Richard Brabin finds Marika Hackman's music playfully irresistable

Marika Hackman

The Bullingdon

November 14

The art of a good pop song and indeed a good pop album is as illusive and sought after as any weapon in a musician’s arsenal. To be original but familiar, catchy without cloying and complex but never alienating means the pit falls and hurdles often lead to end products sounding ubiquitous, imitated, tiresome or cheap.

Step forward Marika Hackman who, in her most recent offering I’m Not Your Man, sows the seeds of her new brand of indie pop, tongue in cheek observations, infectious melodies and twanging textures allowing the record an informal and unquestionably atypical voice.

The casual and carefree attitudes of her music spill instantaneously into her live sound, Hackman taking to the stage with all the bravado of an awkward adolescent and, after coyly signalling the band to up tools, breaking into a litany of intelligent but inclusive compositions.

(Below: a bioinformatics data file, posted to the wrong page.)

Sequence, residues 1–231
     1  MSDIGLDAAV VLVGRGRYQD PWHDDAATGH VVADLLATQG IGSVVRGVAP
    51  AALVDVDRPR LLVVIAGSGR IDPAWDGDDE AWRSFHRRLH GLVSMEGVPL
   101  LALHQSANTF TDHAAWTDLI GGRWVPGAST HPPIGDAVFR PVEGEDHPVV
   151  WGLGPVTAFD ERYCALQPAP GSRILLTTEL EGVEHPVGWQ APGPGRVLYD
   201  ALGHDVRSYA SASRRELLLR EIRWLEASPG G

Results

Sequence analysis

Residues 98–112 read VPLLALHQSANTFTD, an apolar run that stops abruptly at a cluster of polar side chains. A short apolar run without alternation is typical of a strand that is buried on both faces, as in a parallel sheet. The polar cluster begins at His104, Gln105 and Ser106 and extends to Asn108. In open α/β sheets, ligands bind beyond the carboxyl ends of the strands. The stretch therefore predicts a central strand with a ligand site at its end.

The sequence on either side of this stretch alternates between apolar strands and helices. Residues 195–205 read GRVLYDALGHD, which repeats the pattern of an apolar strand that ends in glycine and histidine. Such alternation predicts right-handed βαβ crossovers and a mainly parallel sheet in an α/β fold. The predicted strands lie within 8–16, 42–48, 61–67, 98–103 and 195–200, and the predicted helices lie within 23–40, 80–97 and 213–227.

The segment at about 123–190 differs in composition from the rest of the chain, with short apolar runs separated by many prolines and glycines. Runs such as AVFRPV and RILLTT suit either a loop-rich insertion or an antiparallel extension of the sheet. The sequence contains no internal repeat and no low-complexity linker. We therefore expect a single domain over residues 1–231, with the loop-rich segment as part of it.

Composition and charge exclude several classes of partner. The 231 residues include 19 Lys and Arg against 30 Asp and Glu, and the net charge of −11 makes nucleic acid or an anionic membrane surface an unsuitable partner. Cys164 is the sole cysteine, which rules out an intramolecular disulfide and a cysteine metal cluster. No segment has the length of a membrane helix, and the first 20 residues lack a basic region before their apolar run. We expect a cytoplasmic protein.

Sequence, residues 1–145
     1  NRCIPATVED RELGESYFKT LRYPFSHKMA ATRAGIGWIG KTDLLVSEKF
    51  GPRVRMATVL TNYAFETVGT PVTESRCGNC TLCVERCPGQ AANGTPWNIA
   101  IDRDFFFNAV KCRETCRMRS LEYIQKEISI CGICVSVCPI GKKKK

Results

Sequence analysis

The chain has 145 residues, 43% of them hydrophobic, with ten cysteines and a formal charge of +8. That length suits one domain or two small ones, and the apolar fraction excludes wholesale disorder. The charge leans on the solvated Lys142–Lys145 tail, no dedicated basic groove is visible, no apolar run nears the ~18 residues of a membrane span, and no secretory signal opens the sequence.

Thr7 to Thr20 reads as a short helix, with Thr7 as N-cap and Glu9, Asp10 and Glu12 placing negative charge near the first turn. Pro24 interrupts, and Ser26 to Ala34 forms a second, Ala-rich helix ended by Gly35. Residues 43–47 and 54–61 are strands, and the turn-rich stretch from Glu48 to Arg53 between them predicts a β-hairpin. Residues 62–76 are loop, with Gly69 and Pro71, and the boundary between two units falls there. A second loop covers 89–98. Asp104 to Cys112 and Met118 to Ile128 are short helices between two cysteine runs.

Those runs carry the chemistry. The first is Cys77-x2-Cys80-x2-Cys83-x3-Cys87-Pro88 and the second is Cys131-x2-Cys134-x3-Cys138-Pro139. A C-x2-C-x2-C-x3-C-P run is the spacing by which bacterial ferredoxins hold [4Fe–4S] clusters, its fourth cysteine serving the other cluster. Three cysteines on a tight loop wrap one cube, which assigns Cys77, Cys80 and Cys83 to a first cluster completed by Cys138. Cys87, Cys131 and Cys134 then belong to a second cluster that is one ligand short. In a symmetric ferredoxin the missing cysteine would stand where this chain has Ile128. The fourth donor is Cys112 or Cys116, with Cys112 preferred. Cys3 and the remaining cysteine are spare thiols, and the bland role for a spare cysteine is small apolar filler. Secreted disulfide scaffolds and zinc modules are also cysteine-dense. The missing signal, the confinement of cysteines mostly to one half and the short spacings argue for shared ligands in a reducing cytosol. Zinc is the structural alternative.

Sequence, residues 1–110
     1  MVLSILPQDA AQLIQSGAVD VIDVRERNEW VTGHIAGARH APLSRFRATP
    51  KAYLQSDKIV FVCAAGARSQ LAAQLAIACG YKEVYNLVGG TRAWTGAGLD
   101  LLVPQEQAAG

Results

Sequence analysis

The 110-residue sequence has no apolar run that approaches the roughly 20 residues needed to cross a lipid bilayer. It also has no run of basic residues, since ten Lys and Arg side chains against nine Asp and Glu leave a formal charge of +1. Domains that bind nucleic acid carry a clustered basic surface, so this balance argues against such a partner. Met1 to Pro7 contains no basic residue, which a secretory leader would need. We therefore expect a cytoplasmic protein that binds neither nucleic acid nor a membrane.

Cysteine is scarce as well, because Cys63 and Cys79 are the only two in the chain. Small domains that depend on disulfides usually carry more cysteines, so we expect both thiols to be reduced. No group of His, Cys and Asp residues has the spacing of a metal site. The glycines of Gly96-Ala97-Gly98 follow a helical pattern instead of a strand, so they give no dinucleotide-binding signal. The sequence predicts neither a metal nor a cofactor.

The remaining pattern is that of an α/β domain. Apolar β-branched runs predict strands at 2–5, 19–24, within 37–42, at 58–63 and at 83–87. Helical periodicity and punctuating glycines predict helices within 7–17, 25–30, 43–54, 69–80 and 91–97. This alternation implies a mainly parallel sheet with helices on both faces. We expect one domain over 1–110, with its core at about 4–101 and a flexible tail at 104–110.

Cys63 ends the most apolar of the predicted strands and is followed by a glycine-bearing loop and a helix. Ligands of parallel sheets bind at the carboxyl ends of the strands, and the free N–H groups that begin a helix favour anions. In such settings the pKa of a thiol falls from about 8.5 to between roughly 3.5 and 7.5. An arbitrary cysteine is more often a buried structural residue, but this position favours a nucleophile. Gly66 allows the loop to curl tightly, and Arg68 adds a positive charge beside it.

Never tedious but perhaps making eyes with twee, Hackman has assembled a glut of disciplined and coherent pop melodies that emphasise the mature but playful nature of her ethos. The scope and intensity of her voice is something perhaps a little marginalised on her records, the trebly nature of the recordings not allowing her vocal lines to truly break through, but live there is more room for autarky and confidence, filling a sell out Bullingdon with flighty, fluttering scales of imposing lyricism.

There is, at times a reluctance to adjust either the tone or dynamics of her music, relying a little too heavily on an accustomed formula without the pluck to stray too far from the beaten track. In between the bluster and adrenaline of the opening numbers and the crowd pleasing closers there is sometimes a restlessness symptomatic of a loss of momentum or the inability to surprise one’s audience. However, as is the case with all great shows and indeed great performers, when the audience spills out into the cold night, the sentiment and grace of Hackman’s performance and persona stays with its benefactors long after the final notes have dissolved. She seems to be steadfastly climbing her career trajectory, her music comfortably now speaking for itself, and one wonders if next time she visits our city, she might be in somewhat less intimate settings. 4 / 5